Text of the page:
Drop Foot Symptoms

You can experience drop foot symptoms in one or both of your feet.

Some symptoms of drop foot you may experience include:

  • Inability to lift the foot
  • Dragging your toes or top of the foot when walking
  • Numbness in the top of your toes or foot from foot-dragging
  • Developing a foot drop gait in order to avoid foot-dragging

It is important to always discuss your symptoms with your doctor in order to rule out other foot and ankle injuries.

Risk Factors for Drop Foot

You could be increasing your risk of developing drop foot from peroneal nerve compression without realizing it. 

Here are some examples of behaviors that can increase your risk of developing drop foot:

  • Crossing your legs. Frequently crossing your legs can cause peroneal nerve compression and lead to drop foot.
  • Prolonged kneeling. Occupations that require you to kneel for long periods of time can increase your risk for developing drop foot.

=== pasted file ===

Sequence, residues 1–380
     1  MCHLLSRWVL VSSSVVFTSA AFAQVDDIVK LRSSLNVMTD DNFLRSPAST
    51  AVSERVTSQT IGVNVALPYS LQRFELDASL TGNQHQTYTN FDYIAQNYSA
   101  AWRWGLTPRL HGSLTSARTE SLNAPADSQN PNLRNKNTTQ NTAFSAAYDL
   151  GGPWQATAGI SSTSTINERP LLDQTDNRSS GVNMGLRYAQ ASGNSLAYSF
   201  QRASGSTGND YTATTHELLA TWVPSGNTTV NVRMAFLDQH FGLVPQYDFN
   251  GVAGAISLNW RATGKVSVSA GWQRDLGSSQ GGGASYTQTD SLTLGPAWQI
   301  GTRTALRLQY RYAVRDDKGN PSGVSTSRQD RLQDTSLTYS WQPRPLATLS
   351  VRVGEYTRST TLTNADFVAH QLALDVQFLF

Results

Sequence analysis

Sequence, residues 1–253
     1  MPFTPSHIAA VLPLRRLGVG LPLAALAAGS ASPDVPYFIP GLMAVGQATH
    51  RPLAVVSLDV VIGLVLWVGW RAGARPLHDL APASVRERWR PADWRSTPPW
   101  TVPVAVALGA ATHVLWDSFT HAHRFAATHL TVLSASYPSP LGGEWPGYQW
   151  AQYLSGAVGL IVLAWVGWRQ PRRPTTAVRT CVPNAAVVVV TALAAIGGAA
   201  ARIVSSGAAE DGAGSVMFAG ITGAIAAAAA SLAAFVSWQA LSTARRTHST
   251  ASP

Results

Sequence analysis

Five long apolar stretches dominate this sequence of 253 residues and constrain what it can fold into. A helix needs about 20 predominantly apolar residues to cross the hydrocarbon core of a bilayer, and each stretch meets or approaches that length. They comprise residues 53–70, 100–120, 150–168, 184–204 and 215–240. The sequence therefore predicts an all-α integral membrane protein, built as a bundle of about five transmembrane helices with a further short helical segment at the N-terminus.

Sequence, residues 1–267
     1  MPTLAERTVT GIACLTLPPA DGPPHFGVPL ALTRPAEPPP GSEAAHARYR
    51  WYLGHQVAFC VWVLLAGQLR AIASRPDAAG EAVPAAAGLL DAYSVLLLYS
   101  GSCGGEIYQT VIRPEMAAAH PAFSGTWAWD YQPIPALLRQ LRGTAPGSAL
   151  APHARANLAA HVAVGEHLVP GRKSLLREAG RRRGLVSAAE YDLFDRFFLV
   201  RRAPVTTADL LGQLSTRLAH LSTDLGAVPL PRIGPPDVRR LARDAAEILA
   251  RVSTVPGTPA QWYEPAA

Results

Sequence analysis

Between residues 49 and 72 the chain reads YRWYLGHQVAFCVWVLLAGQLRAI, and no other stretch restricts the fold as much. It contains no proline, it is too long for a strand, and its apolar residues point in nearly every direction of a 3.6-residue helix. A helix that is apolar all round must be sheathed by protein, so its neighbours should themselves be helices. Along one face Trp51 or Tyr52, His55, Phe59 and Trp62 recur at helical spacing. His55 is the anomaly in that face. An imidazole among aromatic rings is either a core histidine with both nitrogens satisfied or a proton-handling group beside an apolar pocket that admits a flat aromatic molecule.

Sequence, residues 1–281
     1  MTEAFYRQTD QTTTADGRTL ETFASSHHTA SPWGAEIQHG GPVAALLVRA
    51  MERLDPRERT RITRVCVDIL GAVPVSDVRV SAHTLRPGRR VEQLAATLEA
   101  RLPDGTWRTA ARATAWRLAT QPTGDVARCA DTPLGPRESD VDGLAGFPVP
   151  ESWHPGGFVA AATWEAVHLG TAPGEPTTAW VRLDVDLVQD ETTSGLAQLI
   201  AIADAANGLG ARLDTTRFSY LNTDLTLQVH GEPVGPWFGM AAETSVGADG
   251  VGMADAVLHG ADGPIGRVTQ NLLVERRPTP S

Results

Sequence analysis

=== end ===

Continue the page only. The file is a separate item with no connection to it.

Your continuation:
• Wearing a leg cast. Plaster casts can compress the peroneal nerve when they enclose the ankle and end just below the knee.

Drop Foot Treatment

Drop foot treatment options depend on the underlying condition causing drop foot to occur. 

Drop foot may improve or disappear if the root cause is successfully treated.

If there isn’t treatment available for the underlying condition, drop foot may be permanent.

Here are some treatment options that may be presented to you.

Drop Foot Brace or Splint

Your doctor may prescribe a brace or splint to help hold your ankle and foot in a normal position.

Physical Therapy

Physical therapy can help you maintain range of motion in your ankle and knee, and prevent your heel from getting stiff. 

Strengthening the calf muscles and maintaining a normal range of motion in the ankle and knee joints may help improve abnormal gait issues associated with drop foot. 

Nerve Stimulation

A device may be used to electrically stimulate the peroneal nerve in cases where issues with the peroneal nerve are causing foot drop.


In cases where foot drop is permanent, your doctor may recommend surgery to fuse the foot and ankle joint.